Vietnam empowering youth through national policies
Vice Minister of Home Affairs Tran Anh Tuan speaks at the event. Photo: Mai Phan/MOHA
The workshop was co-chaired by Tran Anh Tuan, Vice Minister of Home Affairs; Naomi Kitahara, UNFPA Representative; and Hoang Quoc Long, Director of Youth Affairs Department.
In 2018, the UN Secretary General approved the UN Strategy on Youth, which reiterates the UN’s strong commitment to support young people below the age of 30 years. To operationalize it, UNFPA developed its global strategy for youth called “My Body, My Life, My World”. It puts young people - their talents, hopes, perspectives and unique needs - at the very center of sustainable development. The Strategy outlines a set of key programming principles that are applied to all the UNFPA’s work on adolescent and youth, and offers a new mentality and mode of programme delivery with and for young people.
Vietnam is in the phase of demographic transition with the largest population of young people ever in Vietnam’s history, in which the “population dividend” can be tapped into for national development. In the 2019 Census, Vietnam recorded the highest proportion of young people in Vietnam’s history with 20.4 million young people aged 10 – 24, which accounts for 21 percent of the population. The demographic window of opportunity, which was first identified in 2007 and is projected to last until 2041, presents Vietnam with a unique opportunity for developing a generation of drivers of economic, social, and environmental progress.
Addressing the workshop, MOHA Vice Minister Tran Anh Tuan emphasized that youth is the nation's future, an important resource for the country's socio-economic development, and youth development in the new phase requires strategic and long-term tasks. The Vietnam Youth Development Strategy for the period 2021 - 2030 is built on the achieved results, acquiring the experiences and lessons of success in implementing the Vietnam Youth Development Strategy in the period 2011 - 2020 to apply in accordance with the country's development practice in the coming years. The strategy's viewpoints and principles should follow the Party's directions and guidelines and the State's laws and policies on Youth.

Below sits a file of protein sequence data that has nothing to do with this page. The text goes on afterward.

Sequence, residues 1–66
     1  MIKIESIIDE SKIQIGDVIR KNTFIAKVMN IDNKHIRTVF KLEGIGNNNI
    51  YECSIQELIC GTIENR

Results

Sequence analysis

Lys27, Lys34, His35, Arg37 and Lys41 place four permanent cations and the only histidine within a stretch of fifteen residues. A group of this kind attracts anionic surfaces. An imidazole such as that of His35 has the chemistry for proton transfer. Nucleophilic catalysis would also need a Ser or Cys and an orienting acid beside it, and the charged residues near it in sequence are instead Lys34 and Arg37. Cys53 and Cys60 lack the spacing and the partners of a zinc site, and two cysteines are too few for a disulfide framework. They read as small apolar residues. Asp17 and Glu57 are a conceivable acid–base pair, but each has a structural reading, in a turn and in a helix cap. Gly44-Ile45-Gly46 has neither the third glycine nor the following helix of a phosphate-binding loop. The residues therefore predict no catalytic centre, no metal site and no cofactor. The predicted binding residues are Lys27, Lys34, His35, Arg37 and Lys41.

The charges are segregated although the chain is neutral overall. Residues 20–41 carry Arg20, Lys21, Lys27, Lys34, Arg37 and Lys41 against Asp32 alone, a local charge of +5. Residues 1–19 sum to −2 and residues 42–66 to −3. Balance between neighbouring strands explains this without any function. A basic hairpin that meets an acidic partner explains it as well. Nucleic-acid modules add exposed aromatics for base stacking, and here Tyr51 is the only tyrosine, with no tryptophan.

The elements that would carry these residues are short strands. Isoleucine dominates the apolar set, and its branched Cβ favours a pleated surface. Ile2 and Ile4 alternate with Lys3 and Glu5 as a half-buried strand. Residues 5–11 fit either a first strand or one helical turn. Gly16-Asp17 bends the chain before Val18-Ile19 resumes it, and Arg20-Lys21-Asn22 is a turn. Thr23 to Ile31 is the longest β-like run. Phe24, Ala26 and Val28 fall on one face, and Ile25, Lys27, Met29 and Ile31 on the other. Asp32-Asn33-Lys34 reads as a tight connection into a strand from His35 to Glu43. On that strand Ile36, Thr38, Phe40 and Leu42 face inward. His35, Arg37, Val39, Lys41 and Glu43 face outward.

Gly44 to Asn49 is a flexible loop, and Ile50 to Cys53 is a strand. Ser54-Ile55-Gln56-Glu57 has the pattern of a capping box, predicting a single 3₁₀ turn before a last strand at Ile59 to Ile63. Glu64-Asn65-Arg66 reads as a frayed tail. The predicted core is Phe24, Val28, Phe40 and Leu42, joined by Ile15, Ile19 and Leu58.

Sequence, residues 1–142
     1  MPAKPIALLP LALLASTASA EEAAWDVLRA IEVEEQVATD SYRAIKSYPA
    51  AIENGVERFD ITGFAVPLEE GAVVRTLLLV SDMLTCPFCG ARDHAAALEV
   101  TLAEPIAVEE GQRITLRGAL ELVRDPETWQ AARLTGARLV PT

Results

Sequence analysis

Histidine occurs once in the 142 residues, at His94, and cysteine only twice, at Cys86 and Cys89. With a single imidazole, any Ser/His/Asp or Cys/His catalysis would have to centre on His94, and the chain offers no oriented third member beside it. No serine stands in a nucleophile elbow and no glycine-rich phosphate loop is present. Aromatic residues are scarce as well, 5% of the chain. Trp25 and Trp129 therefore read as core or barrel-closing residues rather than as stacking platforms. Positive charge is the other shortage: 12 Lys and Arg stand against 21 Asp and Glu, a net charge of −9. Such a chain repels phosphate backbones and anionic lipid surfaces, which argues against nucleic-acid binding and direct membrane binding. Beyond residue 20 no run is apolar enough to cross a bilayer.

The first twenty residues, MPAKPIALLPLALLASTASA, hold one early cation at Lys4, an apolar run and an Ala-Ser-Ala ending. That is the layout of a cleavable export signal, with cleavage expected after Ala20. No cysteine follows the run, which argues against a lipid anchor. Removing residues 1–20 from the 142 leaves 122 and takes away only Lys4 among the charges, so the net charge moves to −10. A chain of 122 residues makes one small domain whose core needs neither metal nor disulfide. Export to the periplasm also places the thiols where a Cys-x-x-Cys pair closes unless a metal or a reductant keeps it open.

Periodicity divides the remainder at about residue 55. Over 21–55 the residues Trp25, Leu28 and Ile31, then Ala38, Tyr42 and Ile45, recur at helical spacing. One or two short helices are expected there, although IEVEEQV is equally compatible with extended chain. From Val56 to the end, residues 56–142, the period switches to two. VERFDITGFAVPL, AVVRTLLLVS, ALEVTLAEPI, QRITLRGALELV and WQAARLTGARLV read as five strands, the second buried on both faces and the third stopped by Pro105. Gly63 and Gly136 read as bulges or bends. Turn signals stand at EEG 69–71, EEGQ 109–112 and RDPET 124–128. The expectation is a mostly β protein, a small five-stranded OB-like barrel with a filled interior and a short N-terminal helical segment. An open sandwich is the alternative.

The 14th National Assembly passed the revised law at its ninth session in June, replacing the 2005 version. It will come into effect on January 1 next year. Source: Internet
On behalf of the UNFPA in Vietnam, Naomi Kitahara, UNFPA Representative highly appreciated the political will and commitment on youth affairs of the Communist Party and the Government of Vietnam at all levels, and hoped that “this Strategy will provide a firm framework and appropriate approaches for all sectors, ministries and local authorities to jointly take an action and implement the Youth Law 2020 in addressing young people's rights and needs, including their sexual and reproductive health needs, and contributing to achieving Vietnam’s socio-economic development and the Sustainable Development Goals (SDGs) by 2030."
"Evidence shows that working in partnership with young people is an essential component of any successful national strategies for young people. In the Vietnamese context, we recommend the new Youth Strategy to provide substantial efforts and take concrete actions to create an enabling environment and dynamic mechanisms to allow youth participation. This includes the need to establish innovative platforms that encourage more young people, especially vulnerable youth groups, to participate in policy development, implementation and monitoring," Kithara said.